Do Something Dangerous

One of our family’s favorite movies is “Dudley Do-Right” based on a cartoon with a Canadian Mountie as the main character. The Canadian Mountie is a legendary figure with “Maintien le Droit,” or “uphold the right” as his motto. The responsibilities of the Mountie called for bravery, heroism, and strength. They were fearless and they were the law, worthy of authority and respect.

But Dudley isn’t any of these honorable Mountie qualities. He is spineless, clumsy, and intimidated. As the movie progresses, we see Dudley surrounded by a whole gang of bad guys. Robbing the local bank and taking over the town, these surly characters in black jackets and face masks are moving fast.

Dudley finds himself out-witted. He loses his job and stumbles across a bum up in the mountains who takes Dudley under his wing and teaches him how to be a hero. The bum’s last words to his floundering student are, “get out there and do something dangerous!” Bruised and confused, Dudley stumbles away in search of adventure.

Get out there and do something dangerous. This sounds an awfully lot like the apostle Paul in Ephesians 6:10—22. “Finally, be strong in the Lord and in his mighty power. Put on the full armor of God so that you can take your stand against the enemy’s schemes . . .put on the full armor of God, so that when the day of evil comes, you may be able to stand your ground, and after you have done everything, to stand. Stand firm then, with the belt of truth buckled around your waist, with the breastplate of righteousness in place, and with your feet fitted with the readiness that comes from the gospel of peace. In addition to all this, take up the shield of faith, with which you can extinguish all the flaming arrows of the evil one. Take the helmet of salvation and the sword of the Spirit, which is the word of God.”

Paul is cheering on a new church intent on advancing the gospel in the pagan Roman Empire. Paul himself sits in prison bound in chains as he writes. He knows what is at stake for the church if they do not heed these words. The Christian faith will die out. Justice and righteousness according to God’s Law would no longer be maintained. Yet, Paul knows what is at stake for the new church if they do heed his words. Persecution. Imprisonment for daring to worship anyone but the Caesar. Maybe even death. It was a tough choice. One that needed to be made in spite of the danger and hardship it would invite.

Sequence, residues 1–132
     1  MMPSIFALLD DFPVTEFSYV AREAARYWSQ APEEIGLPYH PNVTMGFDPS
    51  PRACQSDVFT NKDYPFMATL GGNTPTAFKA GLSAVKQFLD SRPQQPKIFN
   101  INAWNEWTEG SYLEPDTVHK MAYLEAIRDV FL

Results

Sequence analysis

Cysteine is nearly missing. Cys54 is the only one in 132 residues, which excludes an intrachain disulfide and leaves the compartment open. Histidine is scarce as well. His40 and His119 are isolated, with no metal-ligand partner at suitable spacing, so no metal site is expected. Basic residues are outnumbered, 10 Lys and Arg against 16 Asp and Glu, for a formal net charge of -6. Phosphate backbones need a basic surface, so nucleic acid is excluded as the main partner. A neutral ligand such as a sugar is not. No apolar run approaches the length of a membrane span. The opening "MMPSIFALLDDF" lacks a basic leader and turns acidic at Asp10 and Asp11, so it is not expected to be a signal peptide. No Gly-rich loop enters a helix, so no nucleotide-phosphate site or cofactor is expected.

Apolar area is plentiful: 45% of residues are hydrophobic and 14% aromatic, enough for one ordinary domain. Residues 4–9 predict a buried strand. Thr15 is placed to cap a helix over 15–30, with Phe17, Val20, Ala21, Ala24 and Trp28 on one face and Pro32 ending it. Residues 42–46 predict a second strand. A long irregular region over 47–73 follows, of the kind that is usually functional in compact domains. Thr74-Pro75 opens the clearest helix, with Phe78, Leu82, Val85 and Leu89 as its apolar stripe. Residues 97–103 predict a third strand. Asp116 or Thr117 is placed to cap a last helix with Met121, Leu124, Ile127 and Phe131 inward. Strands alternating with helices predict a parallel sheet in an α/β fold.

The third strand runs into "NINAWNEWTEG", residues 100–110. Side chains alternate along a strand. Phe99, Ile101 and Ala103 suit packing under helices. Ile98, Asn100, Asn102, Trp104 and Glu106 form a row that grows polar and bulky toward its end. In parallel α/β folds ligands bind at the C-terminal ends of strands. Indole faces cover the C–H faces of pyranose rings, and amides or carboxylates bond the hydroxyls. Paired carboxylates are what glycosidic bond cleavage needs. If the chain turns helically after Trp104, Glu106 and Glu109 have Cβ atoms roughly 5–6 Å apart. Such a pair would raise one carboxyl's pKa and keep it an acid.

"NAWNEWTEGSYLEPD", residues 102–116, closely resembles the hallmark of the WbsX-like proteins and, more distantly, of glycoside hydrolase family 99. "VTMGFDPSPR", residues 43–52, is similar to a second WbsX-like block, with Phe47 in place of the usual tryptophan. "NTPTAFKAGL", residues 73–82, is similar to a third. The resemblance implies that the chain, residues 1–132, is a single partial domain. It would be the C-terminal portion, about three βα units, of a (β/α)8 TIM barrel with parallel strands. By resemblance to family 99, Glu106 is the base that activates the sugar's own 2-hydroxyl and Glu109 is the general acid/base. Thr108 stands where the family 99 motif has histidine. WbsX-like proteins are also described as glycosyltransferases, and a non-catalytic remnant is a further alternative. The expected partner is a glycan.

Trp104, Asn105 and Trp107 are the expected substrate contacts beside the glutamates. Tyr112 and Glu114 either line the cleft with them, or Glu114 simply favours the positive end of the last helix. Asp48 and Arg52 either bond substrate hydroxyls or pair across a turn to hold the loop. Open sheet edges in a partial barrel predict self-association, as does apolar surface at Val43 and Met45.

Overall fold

In his book, The Good and Beautiful Life, James Bryan Smith says, “Jesus observes that those who pursue righteousness are going against the grain of society, and that will result in persecution. Following Jesus is dangerous if we lead the kind of life he calls us to. When we choose to fight for justice and peace or not to lie or judge others, we will face backlash. The promise in the last beatitude is the same as in the first: ‘for theirs is the kingdom of heaven.’ When we align ourselves with Jesus and observe his ways, we are in the kingdom” (p. 61-62).

The kingdom is the territory where God reigns. It’s the place where we are called to live dangerously. Go on a mission. Dare to be a serious disciple of Christ. Listen to the Holy Spirit. Live by values. Pray.

But don’t we often feel like Dudley Do-Right, intimidated in the face of evil or hardship and bumbling along in confusion hoping that something we did today counted? It is in times like this when Jesus calls us to an adventure. When we are taking the risks and counting the cost we are in the safest place of all. His plan for our lives lived out under his protection is the strength we need to continue to take a stand for the kingdom. With the armor firmly in place that Ephesians mentions, we can not only uphold the right, but go on to influence people to change like the early Christians did. The message of the gospel eventually wins.

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1 Comment

  1. Over the last three years my wife and I have been challenged by the Spirit to “do something dangerous.” We started to take Jesus’ command to “love your neighbor” more seriously. It’s a long story which I will skip for now—but we’ve been led to enter the international community that lives in our city made up of Somali and Rohingya Muslims–people with a refugee/asylee experience. We’ve taken “risks” we would have never imagined or thought we could take these last three years. We gone into homes, shared Jesus, had people over to our house, helped them find housing, gone to court, ate in their homes, participated in Eid celebrations, eaten in their restaurants, gone to the mosque, filled out applications, applied for families to be reunited, met with Congressmen of their behalf…… Every risk taken has been worth it. Opportunities to speak of Jesus come naturally when we choose to live relationally close to others. The temptation is to live our lives removed from those who need/are looking for Jesus. We will experience Life only if we chose to lose our lives–didn’t Jesus say that? These simple and stumbling acts of obedience have done more to breath life into our souls than anything we’ve ever experienced.

    I don’t know what “doing something dangerous” looks like to others–each one will need to ask God and go for it. Our story is simply a testament to the truth of Jesus’ words. Amen to “do something dangerous.”

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